28 March 2014 South Africa’s Department of Science and Technology and the Bill and Melinda Gates Foundation have announced a partnership to find innovative sanitation solutions for rural and peri-urban communities. SAinfo reporter Sanitation in South Africa, particularly in rural and peri-urban areas, remains a huge challenge, with population growth counterbalancing the significant strides made to reduce the sanitation backlog since 1994. “By applying creative thinking and innovative approaches to sanitation challenges, we can dramatically improve the health of women, children and communities,” said Chris Elias, president of the Gates Foundation’s global development programmes. “We believe that the pairing of South Africa’s governmental leadership with new business models and innovative sanitation solutions will dramatically increase the progress that has already been made in tackling the global sanitation crisis.”Global safe toilet backlog: 2.5-billion According to the foundation, an estimated 2.5-billion people around the world do not have access to safe toilets. This is harmful to the health and wellbeing of children, undermines women’s and girls’ dignity and safety, and hinders economic development and growth. In 2011, the foundation’s Water, Sanitation and Hygiene programme initiated the Reinvent the Toilet Challenge to come up with toilets that remove germs and parasites from human waste, recover energy, clean water and fertiliser, operate “off the grid”, without connections to water and sewer systems or electrical lines – and cost less than US$0.05 cents per user per day. The Department of Science and Technology has partnered with South Africa’s Water Research Commission to identify, develop and evaluate new technologies in the country. “In terms of rural school sanitation, the technologies will be demonstrated in the Cofimvaba district in the Eastern Cape as part of the Technology for Rural Education Development project,” the department said. “The technologies will also be demonstrated in the 23 district municipalities that have been identified by the government as critical in terms of service delivery.” This follows the signing of a memorandum of understanding between the department and the foundation at the second Reinvent the Toilet Fair in India last week. Searching for ‘non-sewer’ solutions The department said the aim was to fund the research, development and manufacturing of “alternative, non-sewer” sanitation solutions for South Africans without access to water-borne sanitation. Announcing the partnership on Monday, the department said it had committed R30-million to conducting field tests on technologies developed as part of the Gates Foundation’s global Reinvent the Toilet Challenge, with the foundation contributing US$1-million (R10.6-million) to support this testing.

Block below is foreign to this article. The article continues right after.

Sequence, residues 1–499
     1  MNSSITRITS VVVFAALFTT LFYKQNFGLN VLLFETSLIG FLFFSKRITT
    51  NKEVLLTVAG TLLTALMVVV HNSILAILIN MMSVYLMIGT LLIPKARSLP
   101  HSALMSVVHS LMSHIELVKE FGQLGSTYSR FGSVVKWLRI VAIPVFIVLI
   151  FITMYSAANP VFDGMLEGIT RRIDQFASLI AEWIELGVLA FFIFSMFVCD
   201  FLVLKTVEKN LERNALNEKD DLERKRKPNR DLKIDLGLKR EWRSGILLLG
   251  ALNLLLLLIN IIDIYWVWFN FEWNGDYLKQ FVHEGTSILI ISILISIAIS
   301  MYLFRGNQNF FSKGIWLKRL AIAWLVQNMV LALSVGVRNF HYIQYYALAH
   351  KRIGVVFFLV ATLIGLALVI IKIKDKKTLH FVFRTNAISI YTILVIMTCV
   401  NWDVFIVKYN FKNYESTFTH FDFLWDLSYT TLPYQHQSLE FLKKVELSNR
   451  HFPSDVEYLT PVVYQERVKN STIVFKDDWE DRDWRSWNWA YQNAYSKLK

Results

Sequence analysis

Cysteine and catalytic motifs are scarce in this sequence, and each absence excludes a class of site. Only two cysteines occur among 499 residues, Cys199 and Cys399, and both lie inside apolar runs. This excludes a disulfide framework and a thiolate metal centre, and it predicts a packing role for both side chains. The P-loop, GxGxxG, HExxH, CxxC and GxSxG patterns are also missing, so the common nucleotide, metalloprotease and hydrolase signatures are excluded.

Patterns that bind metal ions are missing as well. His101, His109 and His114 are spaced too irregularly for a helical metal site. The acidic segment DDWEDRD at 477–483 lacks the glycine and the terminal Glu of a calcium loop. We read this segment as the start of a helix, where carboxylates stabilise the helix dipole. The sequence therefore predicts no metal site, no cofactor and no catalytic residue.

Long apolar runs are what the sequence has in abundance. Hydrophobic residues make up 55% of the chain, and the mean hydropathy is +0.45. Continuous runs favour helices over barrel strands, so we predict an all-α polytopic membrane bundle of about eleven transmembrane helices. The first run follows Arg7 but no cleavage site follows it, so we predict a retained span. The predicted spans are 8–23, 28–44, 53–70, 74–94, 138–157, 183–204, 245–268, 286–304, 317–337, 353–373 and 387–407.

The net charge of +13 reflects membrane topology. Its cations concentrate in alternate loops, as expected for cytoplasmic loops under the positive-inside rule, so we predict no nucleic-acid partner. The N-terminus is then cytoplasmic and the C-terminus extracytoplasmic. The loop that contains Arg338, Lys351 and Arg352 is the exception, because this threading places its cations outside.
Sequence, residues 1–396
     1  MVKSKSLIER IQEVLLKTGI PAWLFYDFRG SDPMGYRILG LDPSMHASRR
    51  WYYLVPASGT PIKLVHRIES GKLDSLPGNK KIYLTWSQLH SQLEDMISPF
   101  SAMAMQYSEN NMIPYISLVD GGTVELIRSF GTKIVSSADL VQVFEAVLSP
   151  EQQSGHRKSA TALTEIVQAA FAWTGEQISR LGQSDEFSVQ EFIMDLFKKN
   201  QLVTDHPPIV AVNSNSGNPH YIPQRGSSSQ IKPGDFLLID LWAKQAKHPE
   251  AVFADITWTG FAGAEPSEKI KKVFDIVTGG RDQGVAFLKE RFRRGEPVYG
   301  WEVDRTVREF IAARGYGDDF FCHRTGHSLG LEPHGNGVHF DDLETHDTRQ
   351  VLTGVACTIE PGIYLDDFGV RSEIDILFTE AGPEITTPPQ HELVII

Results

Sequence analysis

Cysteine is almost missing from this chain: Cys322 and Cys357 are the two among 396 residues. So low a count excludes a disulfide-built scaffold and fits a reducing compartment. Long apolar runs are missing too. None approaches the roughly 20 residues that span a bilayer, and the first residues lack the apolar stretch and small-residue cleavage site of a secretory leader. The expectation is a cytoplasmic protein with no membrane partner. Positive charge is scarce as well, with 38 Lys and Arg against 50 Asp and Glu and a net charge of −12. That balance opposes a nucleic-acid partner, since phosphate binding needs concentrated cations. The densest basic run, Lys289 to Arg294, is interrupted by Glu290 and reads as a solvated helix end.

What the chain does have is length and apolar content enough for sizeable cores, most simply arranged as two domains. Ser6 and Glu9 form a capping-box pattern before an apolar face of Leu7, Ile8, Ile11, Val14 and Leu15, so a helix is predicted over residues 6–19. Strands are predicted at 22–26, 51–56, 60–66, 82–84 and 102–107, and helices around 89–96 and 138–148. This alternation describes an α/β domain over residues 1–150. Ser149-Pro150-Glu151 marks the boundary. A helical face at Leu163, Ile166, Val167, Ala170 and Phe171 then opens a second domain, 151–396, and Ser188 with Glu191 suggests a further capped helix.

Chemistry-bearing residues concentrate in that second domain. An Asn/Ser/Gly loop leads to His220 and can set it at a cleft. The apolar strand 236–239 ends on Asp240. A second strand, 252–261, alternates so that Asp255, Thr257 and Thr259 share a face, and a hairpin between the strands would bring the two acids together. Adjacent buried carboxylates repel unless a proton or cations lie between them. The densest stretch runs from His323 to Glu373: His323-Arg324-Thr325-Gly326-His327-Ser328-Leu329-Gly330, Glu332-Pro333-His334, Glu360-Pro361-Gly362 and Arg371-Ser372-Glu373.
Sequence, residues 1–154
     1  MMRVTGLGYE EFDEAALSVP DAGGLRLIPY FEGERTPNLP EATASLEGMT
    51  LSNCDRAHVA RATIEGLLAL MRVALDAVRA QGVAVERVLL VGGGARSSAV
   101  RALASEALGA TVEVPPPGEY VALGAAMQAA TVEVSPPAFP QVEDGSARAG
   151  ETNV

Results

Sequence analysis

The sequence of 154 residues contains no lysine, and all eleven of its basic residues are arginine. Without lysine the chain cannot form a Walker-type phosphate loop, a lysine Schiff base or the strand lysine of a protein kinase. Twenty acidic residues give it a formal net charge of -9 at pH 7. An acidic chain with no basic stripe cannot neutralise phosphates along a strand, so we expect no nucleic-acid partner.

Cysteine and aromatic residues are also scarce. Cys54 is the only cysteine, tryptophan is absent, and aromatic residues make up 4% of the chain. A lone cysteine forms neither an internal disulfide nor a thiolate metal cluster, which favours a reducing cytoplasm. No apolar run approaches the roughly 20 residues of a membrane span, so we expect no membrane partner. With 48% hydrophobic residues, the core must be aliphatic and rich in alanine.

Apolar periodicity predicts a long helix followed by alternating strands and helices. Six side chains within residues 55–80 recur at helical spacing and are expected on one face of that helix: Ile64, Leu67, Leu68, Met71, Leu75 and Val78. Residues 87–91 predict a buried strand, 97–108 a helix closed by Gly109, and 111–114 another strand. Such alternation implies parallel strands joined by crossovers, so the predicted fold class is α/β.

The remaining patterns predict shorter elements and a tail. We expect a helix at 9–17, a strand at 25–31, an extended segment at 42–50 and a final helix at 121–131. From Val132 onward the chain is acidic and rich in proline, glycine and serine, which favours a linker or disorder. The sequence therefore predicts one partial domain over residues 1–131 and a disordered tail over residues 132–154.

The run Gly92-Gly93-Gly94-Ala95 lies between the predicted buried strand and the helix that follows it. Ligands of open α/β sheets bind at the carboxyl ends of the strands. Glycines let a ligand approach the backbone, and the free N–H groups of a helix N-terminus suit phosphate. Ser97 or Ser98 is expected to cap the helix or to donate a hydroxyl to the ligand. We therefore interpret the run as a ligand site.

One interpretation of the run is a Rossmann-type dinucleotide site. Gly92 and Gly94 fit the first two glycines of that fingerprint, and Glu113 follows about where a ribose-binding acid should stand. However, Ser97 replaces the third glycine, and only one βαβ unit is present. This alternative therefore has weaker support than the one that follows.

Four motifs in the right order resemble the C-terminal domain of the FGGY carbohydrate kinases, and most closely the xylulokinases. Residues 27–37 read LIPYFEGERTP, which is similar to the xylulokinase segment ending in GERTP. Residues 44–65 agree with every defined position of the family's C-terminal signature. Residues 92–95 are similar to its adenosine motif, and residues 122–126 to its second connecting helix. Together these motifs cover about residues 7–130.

Share Facebook Twitter Google + LinkedIn Pinterest Lower retail prices for several foods, including eggs, ground chuck, sirloin tip roast, chicken breasts and toasted oat cereal resulted in a significant decrease in the American Farm Bureau Federation’s Spring Picnic Marketbasket Survey.“As expected due to lower farm-gate prices, we have seen continued declines in retail prices for livestock products including eggs, beef, chicken, pork and cheese,” said John Newton, AFBF’s director of market intelligence.The informal survey showed the total cost of 16 food items that can be used to prepare one or more meals was $50.03, down $3.25 or about 6% compared to a year ago. Of the 16 items surveyed, 11 decreased, four increased and one remained the same in average price.Egg prices are down sharply from a year ago and also are down slightly from the third quarter of 2016.“Egg prices continue to move back toward long-run average prices following the bird flu of 2014/15,” Newton said. “The Agriculture Department is currently monitoring bird flu detections in the Southeast U.S. If detections continue, retail poultry prices could feel an impact due to lower exports or changes in supply.“As farm-gate prices for livestock products have declined and remained lower, prices in the retail meat case have become more competitive,” Newton said. Retail price changes from a year ago:• eggs, down 41% to $1.32 per dozen• toasted oat cereal, down 15% to $2.83 for a 9-ounce box• sirloin tip roast, down 13% to $4.95 per pound• ground chuck, down 10% to $3.92 per pound• chicken breast, down 6% to $3.17 per pound• apples, down 6% to $1.55 per pound• flour, down 5% to $2.36 for a 5-pound bag• shredded cheddar cheese, down 4% to $4.10 per pound• deli ham, down 3% to $5.42 per pound• bacon, down 3% to $4.65 per pound• potatoes, down 1% to $2.68 for a 5-pound bag• bagged salad, up 6% to $2.34 per pound• white bread, up 2% to $1.72 per 20-ounce loaf• orange juice, up 1% to $3.22 per half-gallon• whole milk, up 1% to $3.27 per gallon• vegetable oil, no change, $2.55 for a 32-ounce bottlePrice checks of alternative milk and egg choices not included in the overall marketbasket survey average revealed the following: 1/2 gallon whole regular milk, $2.10; 1/2 gallon organic milk, $4.20; and one dozen “cage-free” eggs, $3.48.The year-to-year direction of the marketbasket survey tracks closely with the federal government’s Consumer Price Index (http://www.bls.gov/news.release/cpi.nr0.htm) report for food at home. As retail grocery prices have increased gradually over time, the share of the average food dollar that America’s farm and ranch families receive has dropped.“Through the mid-1970s, farmers received about one-third of consumer retail food expenditures for food eaten at home and away from home, on average. Since then, that figure has decreased steadily and is now about 16%, according to the Agriculture Department’s revised Food Dollar Series,” Newton said.AFBF, the nation’s largest general farm organization, began conducting informal quarterly marketbasket surveys of retail food price trends in 1989. The series includes a spring picnic survey, summer cookout survey, fall harvest survey and Thanksgiving dinner cost survey.According to USDA, Americans spend just under 10% of their disposable annual income on food, the lowest average of any country in the world. A total of 117 shoppers in 31 states participated in the latest survey, conducted in March.